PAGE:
Iowa residents facing drug possession or trafficking charges can often argue successfully that the police search that turned up the drugs violated their constitutional rights. If the judge agrees that the search was illegal, the evidence found in the search can be ruled inadmissible at trial. Since this evidence is usually central to the prosecution's case, the end result is often a dismissal of the charges.
A search conducted in connection with an unconstitutional police stop will ordinarily be illegal. But recently the U.S. Supreme Court ruled that in some situations, evidence seized in such a search can still be used in court.
The case arose out of the arrest of a Utah man for possession of methamphetamine. A detective stopped the suspect even though he had no legal basis to do so. It was only after he stopped the suspect that the detective learned he had an outstanding arrest warrant for a traffic offense. He arrested the suspect, searched him and found the methamphetamine. The prosecution later admitted in court that there was no constitutional basis for the stop.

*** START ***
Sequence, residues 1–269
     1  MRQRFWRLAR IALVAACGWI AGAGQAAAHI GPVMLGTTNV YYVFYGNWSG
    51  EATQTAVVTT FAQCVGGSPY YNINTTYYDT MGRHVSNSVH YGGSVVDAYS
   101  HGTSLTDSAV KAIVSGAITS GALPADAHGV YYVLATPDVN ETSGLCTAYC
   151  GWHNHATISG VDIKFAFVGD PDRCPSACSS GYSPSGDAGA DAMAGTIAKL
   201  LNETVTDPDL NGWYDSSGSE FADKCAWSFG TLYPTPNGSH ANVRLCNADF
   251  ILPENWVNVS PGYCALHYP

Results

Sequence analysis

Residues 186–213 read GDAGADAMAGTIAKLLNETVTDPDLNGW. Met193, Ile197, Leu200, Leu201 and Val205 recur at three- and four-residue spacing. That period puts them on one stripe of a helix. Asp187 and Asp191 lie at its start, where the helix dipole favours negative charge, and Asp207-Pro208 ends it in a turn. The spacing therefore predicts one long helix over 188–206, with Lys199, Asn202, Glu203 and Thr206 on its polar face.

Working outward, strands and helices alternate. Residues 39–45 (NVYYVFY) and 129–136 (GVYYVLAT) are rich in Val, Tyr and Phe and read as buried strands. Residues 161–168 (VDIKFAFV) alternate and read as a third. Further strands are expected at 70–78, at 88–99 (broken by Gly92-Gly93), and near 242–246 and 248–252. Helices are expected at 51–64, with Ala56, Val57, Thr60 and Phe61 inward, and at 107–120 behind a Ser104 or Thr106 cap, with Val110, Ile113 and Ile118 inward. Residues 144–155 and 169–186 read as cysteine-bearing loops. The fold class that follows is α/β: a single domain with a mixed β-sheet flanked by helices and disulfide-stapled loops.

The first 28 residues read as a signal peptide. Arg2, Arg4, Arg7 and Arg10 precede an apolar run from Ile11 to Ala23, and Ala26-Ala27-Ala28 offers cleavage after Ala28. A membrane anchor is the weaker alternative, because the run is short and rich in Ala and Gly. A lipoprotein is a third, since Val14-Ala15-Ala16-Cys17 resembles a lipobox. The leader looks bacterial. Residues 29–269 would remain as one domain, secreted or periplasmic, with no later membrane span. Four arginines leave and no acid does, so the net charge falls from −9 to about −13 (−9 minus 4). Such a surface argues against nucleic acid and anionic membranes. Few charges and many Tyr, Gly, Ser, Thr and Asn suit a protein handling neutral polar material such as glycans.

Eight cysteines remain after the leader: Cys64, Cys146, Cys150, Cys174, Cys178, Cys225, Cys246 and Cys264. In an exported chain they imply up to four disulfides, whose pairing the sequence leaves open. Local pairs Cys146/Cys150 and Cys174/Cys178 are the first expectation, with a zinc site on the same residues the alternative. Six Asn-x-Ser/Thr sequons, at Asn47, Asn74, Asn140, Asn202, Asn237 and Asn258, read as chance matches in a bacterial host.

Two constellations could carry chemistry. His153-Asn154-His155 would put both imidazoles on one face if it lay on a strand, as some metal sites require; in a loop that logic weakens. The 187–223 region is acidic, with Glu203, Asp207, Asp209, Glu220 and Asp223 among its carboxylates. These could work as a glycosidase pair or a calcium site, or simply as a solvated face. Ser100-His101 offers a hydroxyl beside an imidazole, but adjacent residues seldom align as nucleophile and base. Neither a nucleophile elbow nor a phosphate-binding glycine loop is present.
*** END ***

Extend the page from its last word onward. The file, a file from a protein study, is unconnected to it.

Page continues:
A majority of the court ruled that the drug evidence could be used at trial because the discovery of the outstanding warrant meant the search was no longer a direct result of the unlawful stop. Justice Sotomayor wrote a scathing dissent, in which she stated that police were now free to stop anyone on the street, even if they were doing nothing wrong, check their identification against a police database, and then search them if they discovered an outstanding warrant for a parking ticket. She also argued that people of color would be disproportionately affected by the court's decision.
The Fourth Amendment to the U.S. Constitution, which prohibits unreasonable searches and seizures, is a critical restraint on the abuse of authority by law enforcement personnel. The Court's decision weakens that restraint.
Source: NBC News, "Sotomayor Issues Scathing Dissent in Fourth Amendment Case," Irin Carmon, June 20, 2016